As people experiment, they find Kinect is much more than a game
Kinect launched a year ago to accompany Microsoft's Xbox 360 gaming consoles, but people have since experimented with using the motion-sensing, voice-recognition technology for a variety of other purposes. Now Microsoft is announcing it's launching a program to provide tools to build business applications using Kinect.
Seattle Times technology reporter
At the Lakeside Center for Autism in Issaquah, three 5-year-olds stand in front of a big screen displaying a river-rafting game. They laugh as they jump or wave their arms, making their on-screen avatars do the same through the use of Kinect motion-sensing technology.
Across the globe, hospitals in Cantabria, Spain, are testing a Kinect application allowing doctors and nurses to wave their arms to pull up patient charts or X-rays.
And Razorfish, a marketing agency that started in Seattle, is experimenting with a retail application using Kinect that would allow shoppers to project their image on a screen to see how various purses they're considering look as they hold them.
Kinect, launched a year ago to accompany Microsoft's Xbox 360 gaming consoles, enables people to control and take part in games using only gestures, body movements or voice commands.
Since then, though, people in different spheres have experimented with using Kinect for other purposes.
Microsoft dubbed the phenomenon the "Kinect Effect" and is announcing Monday that it expects to launch a Kinect for Windows commercial program early next year.
The program is designed to provide tools — mainly a software development kit — to build business applications using Kinect.
It's a phenomenon that sometimes surprises even its lead creator.
There's "an amazing amount of stuff that moved me that I did not expect," said Alex Kipman, general manager of incubation for Microsoft's interactive entertainment business.
The mission Kipman, a shaggy-haired, jeans- and black-and-white sneakers-clad dude, faced a while ago was to come up with something that could help Microsoft revolutionize entertainment — or at least make it stand above the Nintendo Wii.
The result was Kinect, which allowed users to control the Xbox using only voice and gestures — with no need for controllers — and to see and control physical representations of themselves onscreen on Xbox games such as "Dance Central" and "River Rush."
Since the launch, Kipman says, what's surprised him is the personal stories he hears from people.
Kipman heard about someone who had bought a Kinect for Xbox because he was a gamer, but his little brother, who is autistic and had never interacted much with either him or with technology, started playing games with him using Kinect.
Their mother walked in, saw them, and started crying, Kipman said.
Kipman said he's also heard about military folks back from war zones who use Kinect.
"Think of all the people coming back with an amputated limb of some sort — somebody very independent, a freaking military dude or dudette — now missing a right arm or leg," he said.
"Imagine when they step in front of a [Kinect] sensor, and they can play pingpong again when they don't have a right arm.... and playing like they have both hands."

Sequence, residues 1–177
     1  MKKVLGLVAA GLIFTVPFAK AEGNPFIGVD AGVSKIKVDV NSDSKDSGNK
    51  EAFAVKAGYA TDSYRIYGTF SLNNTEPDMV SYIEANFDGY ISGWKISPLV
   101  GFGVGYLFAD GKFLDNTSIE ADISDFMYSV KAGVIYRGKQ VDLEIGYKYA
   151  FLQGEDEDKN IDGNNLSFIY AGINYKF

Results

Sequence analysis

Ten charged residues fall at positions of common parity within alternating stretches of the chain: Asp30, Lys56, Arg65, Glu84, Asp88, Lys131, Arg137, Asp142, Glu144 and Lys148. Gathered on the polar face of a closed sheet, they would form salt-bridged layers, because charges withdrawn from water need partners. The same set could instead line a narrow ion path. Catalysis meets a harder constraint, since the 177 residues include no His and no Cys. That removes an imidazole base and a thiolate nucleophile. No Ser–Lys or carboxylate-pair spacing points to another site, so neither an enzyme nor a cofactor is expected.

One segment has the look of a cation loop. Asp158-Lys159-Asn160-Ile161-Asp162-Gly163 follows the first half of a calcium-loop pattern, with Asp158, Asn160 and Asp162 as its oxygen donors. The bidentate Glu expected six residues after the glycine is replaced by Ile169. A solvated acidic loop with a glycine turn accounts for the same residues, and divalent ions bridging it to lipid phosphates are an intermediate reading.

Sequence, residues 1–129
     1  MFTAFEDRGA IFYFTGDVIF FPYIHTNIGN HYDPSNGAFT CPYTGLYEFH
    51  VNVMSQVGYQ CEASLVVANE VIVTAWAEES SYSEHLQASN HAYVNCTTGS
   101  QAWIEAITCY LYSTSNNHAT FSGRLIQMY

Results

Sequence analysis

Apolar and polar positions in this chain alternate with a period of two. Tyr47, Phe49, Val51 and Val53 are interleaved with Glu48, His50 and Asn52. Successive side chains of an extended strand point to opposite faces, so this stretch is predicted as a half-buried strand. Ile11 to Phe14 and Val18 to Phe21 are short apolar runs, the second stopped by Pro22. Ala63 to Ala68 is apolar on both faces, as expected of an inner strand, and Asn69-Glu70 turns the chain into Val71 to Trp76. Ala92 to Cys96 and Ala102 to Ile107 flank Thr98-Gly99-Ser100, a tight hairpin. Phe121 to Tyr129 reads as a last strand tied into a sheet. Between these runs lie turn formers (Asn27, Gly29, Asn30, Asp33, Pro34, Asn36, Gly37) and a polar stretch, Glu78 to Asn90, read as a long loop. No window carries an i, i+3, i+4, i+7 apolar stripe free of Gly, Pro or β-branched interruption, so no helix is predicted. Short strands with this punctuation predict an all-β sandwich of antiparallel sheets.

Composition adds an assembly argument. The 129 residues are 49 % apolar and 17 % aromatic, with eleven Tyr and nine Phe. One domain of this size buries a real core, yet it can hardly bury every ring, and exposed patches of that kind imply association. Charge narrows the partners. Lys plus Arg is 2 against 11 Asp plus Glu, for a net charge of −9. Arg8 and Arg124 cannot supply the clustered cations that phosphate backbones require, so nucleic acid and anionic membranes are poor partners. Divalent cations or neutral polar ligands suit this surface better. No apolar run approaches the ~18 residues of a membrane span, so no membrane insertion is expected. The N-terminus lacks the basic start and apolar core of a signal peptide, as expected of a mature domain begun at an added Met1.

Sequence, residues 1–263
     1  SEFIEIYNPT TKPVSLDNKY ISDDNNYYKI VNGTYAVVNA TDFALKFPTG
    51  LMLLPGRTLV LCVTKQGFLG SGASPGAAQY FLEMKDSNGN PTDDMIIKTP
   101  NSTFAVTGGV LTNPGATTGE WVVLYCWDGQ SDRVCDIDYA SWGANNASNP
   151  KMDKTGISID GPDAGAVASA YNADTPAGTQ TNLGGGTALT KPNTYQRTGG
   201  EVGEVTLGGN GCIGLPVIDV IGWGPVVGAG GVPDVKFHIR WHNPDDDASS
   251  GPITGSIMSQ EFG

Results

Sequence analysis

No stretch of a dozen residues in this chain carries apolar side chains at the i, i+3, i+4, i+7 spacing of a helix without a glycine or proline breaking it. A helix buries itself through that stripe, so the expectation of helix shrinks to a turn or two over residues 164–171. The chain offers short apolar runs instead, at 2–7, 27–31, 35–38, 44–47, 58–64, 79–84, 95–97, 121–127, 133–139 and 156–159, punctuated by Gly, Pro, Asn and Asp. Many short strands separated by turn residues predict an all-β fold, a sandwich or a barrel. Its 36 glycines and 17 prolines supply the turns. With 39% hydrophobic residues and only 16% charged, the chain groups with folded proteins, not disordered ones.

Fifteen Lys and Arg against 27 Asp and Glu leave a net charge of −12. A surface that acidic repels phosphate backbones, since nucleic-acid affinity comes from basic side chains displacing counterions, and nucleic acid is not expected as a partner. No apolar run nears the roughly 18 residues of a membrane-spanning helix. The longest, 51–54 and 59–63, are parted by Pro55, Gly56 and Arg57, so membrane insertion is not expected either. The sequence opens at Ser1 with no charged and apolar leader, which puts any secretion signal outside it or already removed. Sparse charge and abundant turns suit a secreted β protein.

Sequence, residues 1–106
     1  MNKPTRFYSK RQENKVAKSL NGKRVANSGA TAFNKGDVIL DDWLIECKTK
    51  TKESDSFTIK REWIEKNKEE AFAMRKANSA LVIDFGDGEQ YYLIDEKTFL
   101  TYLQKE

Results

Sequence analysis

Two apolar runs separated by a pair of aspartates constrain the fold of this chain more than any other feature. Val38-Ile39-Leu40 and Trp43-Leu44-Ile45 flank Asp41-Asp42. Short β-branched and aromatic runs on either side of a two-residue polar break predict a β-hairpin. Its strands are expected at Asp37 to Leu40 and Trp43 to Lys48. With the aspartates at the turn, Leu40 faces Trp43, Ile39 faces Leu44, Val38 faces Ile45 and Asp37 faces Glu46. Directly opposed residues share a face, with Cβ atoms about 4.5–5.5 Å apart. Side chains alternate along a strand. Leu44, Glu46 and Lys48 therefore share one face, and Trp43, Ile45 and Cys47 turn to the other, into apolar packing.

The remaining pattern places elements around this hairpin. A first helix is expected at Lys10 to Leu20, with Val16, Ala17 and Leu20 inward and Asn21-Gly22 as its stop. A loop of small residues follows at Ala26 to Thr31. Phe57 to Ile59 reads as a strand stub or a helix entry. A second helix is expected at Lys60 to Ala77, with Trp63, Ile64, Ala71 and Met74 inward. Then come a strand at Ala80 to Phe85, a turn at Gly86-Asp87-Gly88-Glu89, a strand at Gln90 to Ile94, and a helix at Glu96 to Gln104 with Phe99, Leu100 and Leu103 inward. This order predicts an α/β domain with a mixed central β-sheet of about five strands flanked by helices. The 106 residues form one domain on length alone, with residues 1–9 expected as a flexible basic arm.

At the Lakeside Center for Autism, staff members have found the Kinect games helpful on a variety of fronts.
The games work well for kids who are either sensory seeking and under or over responsive because the games provide a biofeedback mechanism for the kids, said founder and CEO Dan Stachelski.Imagine you're in a totally dark forest — what you do is seek a point of reference, Stachelski said. Kids with autism constantly seek that point of reference, so being able to see direct feedback of their actions is helpful, he said.
About six months ago, Microsoft launched a program giving academics a software-development kit for Kinect applications.
Now it's expanding that program to include commercial entities, with more than 200 businesses, including Toyota and Houghton Mifflin Harcourt, involved in a pilot program to launch early next year.
On a day earlier this month, Jesús Pérez Llano was touring the Microsoft campus and meeting Kipman — his prize for winning a contest in Spain to develop Kinect applications.
Pérez Llano, CEO of the tech company Tedesys, started following the development of what became Kinect out of personal interest. After Kinect for Xbox 360 came out, he bought one, wanting to see if his company could use it to develop tools for businesses.
A doctor friend saw it and immediately realized its potential for the medical field.
Tedesys, one of the 200 businesses taking part in the pilot program, is now experimenting with using Kinect in operating rooms.
With the application, surgeons can just wave their arms to control computer-assisted surgery applications. That saves the doctors time and lowers the risk of infection, Pérez Llano said.
"That's the key point of all this technology: You don't touch," Pérez Llano says. "So there's less risk of bacterial infection."
Razorfish, the marketing agency, is also taking part in the commercial pilot program.
It has several Kinect applications in the works, including the virtual purse display.
Kinect allows for a personal, immersed event, said Jonathan Hull, managing director of emerging-experiences practice for Razorfish. "It has great commercial potential."
Janet I. Tu: 206-464-2272 or firstname.lastname@example.org
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